Our lab studies how sensory information about orientation and movement drives appropriate body movements to adjust posture.

Awake animals normally maintain a given orientation with respect to gravity. This feature of behavior is so fundamental that it’s ingrained in colloquial language: we refer to a failed business as going “belly up.”

Posture is intimately dependent on signals from the inner ear, but we understand very little about how that information is mapped onto motor outputs.

The zebrafish is a terrific organism for investigating major questions in vestibulospinal signaling.

What are the spinal targets of vestibulospinal neurons?

The spinal cord is home to a wealth of neuron types, which we can visualize and manipulate easily with transgenic zebrafish lines.

Posture is crucial to normal function: try walking when you’re lying on your back.

To understand how animals maintain posture, we study the vestibulospinal system of the larval zebrafish. Vestibular neurons in the brainstem report an animal’s movement and orientation with respect to gravity. A subset of them project to the spinal cord. What happens to the signals they carry?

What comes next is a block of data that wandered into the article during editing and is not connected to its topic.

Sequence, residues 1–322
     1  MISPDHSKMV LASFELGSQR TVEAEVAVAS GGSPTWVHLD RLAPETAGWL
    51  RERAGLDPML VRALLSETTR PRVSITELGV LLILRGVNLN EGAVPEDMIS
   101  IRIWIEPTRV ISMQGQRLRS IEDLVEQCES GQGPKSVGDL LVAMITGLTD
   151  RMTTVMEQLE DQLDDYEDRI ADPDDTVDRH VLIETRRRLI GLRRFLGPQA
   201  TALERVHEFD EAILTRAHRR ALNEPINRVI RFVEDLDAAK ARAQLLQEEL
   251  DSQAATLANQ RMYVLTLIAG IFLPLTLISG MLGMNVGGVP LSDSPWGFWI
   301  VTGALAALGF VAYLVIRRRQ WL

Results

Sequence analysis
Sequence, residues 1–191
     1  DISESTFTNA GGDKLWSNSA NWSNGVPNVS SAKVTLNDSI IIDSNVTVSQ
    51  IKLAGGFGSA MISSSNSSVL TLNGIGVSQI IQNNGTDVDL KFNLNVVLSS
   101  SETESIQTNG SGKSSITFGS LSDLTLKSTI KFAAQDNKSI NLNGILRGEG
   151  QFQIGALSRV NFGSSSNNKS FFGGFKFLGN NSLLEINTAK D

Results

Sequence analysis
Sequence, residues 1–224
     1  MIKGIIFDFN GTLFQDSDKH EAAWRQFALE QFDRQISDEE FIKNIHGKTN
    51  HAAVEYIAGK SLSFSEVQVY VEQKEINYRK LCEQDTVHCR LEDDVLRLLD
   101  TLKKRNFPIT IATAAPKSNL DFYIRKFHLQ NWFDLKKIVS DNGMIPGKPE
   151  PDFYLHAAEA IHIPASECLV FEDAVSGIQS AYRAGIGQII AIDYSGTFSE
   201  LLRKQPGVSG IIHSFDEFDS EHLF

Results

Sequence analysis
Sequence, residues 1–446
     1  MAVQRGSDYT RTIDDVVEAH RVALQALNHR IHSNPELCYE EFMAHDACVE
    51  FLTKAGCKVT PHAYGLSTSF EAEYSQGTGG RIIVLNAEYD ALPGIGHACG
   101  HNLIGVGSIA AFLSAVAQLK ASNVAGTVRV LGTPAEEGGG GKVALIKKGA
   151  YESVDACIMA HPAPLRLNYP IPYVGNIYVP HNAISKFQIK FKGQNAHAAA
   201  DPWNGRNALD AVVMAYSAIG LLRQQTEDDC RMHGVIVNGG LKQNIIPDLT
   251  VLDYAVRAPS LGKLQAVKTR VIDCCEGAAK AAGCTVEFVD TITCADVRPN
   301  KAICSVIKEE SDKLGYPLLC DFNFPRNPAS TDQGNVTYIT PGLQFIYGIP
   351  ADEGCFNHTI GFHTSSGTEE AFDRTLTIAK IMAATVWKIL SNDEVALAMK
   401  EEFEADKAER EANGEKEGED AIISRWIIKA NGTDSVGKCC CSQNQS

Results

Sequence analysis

How is sensory input functionally mapped onto the spinal output circuit?

Vestibulospinal neurons are tuned to all directions of head tilt. Logically, neurons with different sensory encoding should recruit different spinal populations, but because they are intermingled, no one has been able to investigate this.

Low neuron numbers and high accessibility in the zebrafish will let us tackle this problem.

How does locomotor feedback influence vestibular circuits?

Many vestibular neurons receive efference copy, but it is not known what circuits provide this feedback, nor how it develops and functions. We can watch development of cerebellar and spinal feedback to vestibular neurons over the course of a few days in the first week of life.